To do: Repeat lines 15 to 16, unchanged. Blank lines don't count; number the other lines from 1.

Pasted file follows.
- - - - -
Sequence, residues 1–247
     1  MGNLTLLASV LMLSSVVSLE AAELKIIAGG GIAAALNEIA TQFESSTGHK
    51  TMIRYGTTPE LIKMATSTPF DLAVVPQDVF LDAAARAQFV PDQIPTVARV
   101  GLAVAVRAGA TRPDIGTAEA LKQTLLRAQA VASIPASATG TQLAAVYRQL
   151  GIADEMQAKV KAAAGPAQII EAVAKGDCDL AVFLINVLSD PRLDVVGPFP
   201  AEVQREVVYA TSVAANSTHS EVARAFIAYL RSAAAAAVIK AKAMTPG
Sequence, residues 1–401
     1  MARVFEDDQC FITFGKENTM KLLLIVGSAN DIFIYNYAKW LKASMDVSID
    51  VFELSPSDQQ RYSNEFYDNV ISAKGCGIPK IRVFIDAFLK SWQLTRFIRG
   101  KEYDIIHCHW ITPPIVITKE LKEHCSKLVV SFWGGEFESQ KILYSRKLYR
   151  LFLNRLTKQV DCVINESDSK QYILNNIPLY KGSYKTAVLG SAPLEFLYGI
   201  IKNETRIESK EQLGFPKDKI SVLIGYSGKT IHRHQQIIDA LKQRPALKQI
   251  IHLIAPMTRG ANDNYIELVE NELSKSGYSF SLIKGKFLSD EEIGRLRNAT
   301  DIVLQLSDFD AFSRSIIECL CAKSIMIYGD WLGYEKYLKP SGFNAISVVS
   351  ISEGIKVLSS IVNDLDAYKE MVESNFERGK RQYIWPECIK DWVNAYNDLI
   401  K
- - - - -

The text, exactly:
   351  ISEGIKVLSS IVNDLDAYKE MVESNFERGK RQYIWPECIK DWVNAYNDLI
   401  K